order set; And twenty glow-worms shall our lanterns be,

70 80


61 instalment] The word which commonly means “ installation

to signify here the “stall” of a knight of the Garter. 71 charactery] written cipher; often used in the sense of “shorthand.”

To guide our measure round about the tree
But, stay ; I smell a man of middle-earth.

Fal. Heavens defend me from that Welsh fairy, lest he transform me to a piece of cheese!

Pist. Vile worm, thou wast o'erlook'd even in thy birth.

QUICK. With trial-fire touch me his finger-end :
If he be chaste, the flame will back descend,
And turn him to no pain; but if he start,
It is the flesh of a corrupted heart.

Pist. A trial, come.

Come, will this wood take fire ?

[They burn him with their tapers. Fal. Oh, Oh, Oh! QUICK. Corrupt, corrupt, and tainted in desire ! About him, fairies; sing a scornful rhyme ; And, as you trip, still pinch him to your time.


Fie on sinful fantasy!
Fie on lust and luxury !
Lust is but a bloody fire,
Kindled with unchaste desire,

78 middle] a conventional poetic epithet. In the current astronomical

system the earth was the middle region of the universe, of which the upper region was the home of God and the lower region the

abode of the fairies. 84 turn him] put him, a common contemporary usage. 91 fantasy] love: see note on Mids. N. Dr., I, i, 32. 92 luxury) lasciviousness, incontinence. Cf. Lear, IV, vi, 119: “To't,

luxury, pell-mell; for I lack soldiers.” 93 bloody fire] fire of blood.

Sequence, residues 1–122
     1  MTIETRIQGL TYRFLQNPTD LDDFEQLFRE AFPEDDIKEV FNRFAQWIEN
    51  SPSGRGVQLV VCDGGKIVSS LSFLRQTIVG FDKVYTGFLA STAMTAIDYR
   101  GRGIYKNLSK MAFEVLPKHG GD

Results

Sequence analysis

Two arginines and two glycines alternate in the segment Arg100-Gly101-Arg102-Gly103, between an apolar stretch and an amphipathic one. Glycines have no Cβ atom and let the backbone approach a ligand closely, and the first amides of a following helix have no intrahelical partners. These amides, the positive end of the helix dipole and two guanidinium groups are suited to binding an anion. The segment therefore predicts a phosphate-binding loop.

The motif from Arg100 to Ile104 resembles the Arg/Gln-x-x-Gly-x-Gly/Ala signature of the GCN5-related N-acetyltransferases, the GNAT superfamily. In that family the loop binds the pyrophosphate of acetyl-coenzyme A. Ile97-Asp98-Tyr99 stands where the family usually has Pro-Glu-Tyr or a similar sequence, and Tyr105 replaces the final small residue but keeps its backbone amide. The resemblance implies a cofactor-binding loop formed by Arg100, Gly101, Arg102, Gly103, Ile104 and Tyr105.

Fed in heart, whose flames aspire,
As thoughts do blow them, higher and higher.

Pinch him, fairies, mutually;

Pinch him for his villany;
Pinch him, and burn him, and turn him about,
Till candles and starlight and moonshine be out.


During this song they pinch FALSTAFF. DocToR Caius comes one

way, and steals away a boy in green ; SLENDER another way, and takes off a boy in white; and Fenton comes, and steals away Mrs ANNE PAGE. A noise of hunting is heard within. All the Fairies run away. FalsTAFF pulls off his buck's head, and rises.


PAGE. Nay, do not fly ; I think we have watch'd you

now: Will none but Herne the hunter serve your turn ? MRS PAGE. I pray you, come, hold up the jest no

Now, good Sir John, how like you Windsor wives?
See you these, husband ? do not these fair yokes
Become the forest better than the town?

FORD. Now, sir, who's a cuckold now? Master Brook, Falstaff's a knave, a cuckoldly knave; here are

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100 During this song . rises] This stage direction is absent from

the First Folio, but it figures in the early Quartos, whence Theo

bald and succeeding editors have borrowed it. 105 fair yokes] This is the reading of the First Folio, which the Second and later Folios changed to okes, i. e. oaks. The reference, of

i course, is to the horns, which sometimes take a shape resembling yokes for cattle. It is less reasonable to identify the horns with the branches of an oak tree.